Purpose of the project
The goal of our Green Leasing initiative was to incorporate environmental language into our leases to align tenant and landlord environmental interests in our buildings. This lease language sets a strong foundation for sustainability projects in tenant spaces by, for example, allowing us to obtain tenant consumption data in triple net buildings. We then decided to earn recognition via applying for Green Lease Leaders designation through the Institute of Market Transformation. We did this to serve as an example to inspire other landlords, brokers and tenants to incorporate similar language into their own leases.
The Green Leasing initiative launched as a result of a larger initiative at Kilroy to standardize our lease language. Our first step was a meeting between the Sustainability Department and the Training & Quality Control Department, who were running the lease standardization initiative. Training & Quality Control was excited to include the sustainability language into the leases to avoid ad hoc additions of sustainability language to future leases. Further, Kilroy was already familiar with some green leasing concepts, as all leases already contained investment recovery language that make energy and water efficiency upgrades possible. Using our experience with lease language required for LEED projects, as well as various disclosure laws, the Sustainability Department drafted lease language to address: green building operations, disclosure of utility data, sub metering, and minimum sustainability standards for tenant improvements. Our Training and Quality Control and Legal teams then refined this language and incorporated it into our new standard lease.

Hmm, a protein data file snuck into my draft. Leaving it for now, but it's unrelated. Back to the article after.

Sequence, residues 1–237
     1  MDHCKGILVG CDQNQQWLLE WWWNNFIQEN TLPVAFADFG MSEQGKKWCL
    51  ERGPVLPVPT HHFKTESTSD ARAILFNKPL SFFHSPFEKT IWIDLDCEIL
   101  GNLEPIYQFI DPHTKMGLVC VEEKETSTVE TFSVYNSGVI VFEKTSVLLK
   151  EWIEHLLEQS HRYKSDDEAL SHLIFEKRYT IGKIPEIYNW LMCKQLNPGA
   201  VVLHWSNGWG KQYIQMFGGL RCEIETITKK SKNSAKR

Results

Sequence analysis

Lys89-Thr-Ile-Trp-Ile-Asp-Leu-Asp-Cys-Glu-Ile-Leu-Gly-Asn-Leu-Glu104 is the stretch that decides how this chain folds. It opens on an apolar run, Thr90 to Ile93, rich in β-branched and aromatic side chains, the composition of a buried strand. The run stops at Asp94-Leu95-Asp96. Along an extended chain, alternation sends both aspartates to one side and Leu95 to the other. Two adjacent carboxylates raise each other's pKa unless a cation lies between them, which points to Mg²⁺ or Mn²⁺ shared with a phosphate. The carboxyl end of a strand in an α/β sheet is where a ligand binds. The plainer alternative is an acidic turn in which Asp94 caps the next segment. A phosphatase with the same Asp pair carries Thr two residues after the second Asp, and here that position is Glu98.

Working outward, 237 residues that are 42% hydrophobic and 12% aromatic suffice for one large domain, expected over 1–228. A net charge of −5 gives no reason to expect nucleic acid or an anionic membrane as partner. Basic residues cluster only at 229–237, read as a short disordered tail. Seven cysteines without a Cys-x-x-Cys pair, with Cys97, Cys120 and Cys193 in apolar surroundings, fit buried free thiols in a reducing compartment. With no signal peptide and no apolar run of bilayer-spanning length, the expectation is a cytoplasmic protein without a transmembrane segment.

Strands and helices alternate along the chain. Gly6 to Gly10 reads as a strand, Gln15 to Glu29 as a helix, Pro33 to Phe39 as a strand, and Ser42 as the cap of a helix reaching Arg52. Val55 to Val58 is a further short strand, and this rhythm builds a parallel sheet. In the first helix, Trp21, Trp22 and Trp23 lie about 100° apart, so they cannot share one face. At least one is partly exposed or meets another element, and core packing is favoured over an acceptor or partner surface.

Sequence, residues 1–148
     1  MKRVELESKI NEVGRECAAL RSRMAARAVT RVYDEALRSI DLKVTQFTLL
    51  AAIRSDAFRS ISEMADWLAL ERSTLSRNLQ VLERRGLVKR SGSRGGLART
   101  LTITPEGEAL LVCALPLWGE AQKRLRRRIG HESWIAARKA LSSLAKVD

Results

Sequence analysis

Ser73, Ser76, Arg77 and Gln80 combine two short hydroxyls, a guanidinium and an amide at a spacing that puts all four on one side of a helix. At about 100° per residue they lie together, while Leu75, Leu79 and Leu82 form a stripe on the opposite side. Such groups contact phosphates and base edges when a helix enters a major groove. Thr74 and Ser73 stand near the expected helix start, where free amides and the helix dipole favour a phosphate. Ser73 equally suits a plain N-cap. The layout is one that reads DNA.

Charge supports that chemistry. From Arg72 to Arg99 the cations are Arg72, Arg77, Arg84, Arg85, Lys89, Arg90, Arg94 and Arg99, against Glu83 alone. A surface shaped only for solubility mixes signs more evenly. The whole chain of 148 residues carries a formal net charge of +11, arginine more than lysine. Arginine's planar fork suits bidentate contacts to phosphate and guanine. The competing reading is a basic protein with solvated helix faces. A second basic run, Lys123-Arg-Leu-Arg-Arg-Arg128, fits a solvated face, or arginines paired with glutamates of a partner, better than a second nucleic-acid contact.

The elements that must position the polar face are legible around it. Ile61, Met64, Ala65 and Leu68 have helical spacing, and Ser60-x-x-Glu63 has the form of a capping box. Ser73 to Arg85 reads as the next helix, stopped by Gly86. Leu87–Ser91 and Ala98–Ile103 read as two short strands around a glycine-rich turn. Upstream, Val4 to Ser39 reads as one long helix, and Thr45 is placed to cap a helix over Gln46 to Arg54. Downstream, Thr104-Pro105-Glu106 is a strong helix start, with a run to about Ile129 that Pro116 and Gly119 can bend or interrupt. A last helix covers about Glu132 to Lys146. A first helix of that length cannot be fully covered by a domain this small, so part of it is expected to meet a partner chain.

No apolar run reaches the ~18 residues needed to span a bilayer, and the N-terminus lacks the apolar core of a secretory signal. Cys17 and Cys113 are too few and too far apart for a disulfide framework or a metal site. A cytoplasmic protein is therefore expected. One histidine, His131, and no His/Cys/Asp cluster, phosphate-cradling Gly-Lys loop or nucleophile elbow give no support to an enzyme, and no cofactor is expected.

Our next step involved educating our asset managers and brokers, who often did not understand this language and struck it during negotiations. The sustainability department had many one-on-one conversations with our asset managers to resolve this issue, especially around the new utility disclosure language. After several months the asset managers understood and this language is no longer struck from leases.
Finally, we applied to join the inaugural class Green Lease Leaders through the Institute of Market Transformation.
We successfully incorporated the sustainability language into our leases and were part of the inaugural class of Green Lease Leaders in 2014. This language has allowed us to get more tenant utility data, and we have increased our disclosure of tenant data in our GRESB by 81% compared with 2013 based on square footage. We have seen additional benefits in being able to launch recycling revitalization programs and in reducing energy consumption in tenant improvements via, for example, requiring the purchase of only ENERGY STAR equipment.
Further, earning Green Lease Leaders designation generated considerable and unexpected coverage in the media. Bisnow ran an article titled “Dropbox Lease Contains Special Language,” and The Motley Fool published two articles on the subject, including one titled “How You Can Save the World by Investing in this REIT.” Commercial Property Executive also covered it with an article titled “Incremental Progress: Green Leasing Takes Baby Steps, but Makes Headway on Key Fronts.” We also participated in numerous Green Leasing panels and webinars with, for example, the Department of Energy and BOMA. This publicity has changed the conversation on green leasing, taking it from a fringe concept to a mainstream practice with which brokers need to be familiar, and we are proud to be part of the inaugural class that has helped this movement gain industry acceptance.
“Incorporating environmental language into our standard leases ensures that avoidable tenant-landlord incentive issues will not hinder our ability to deliver a steady stream of sustainable, high quality, adaptable and productive work environments to our tenants.”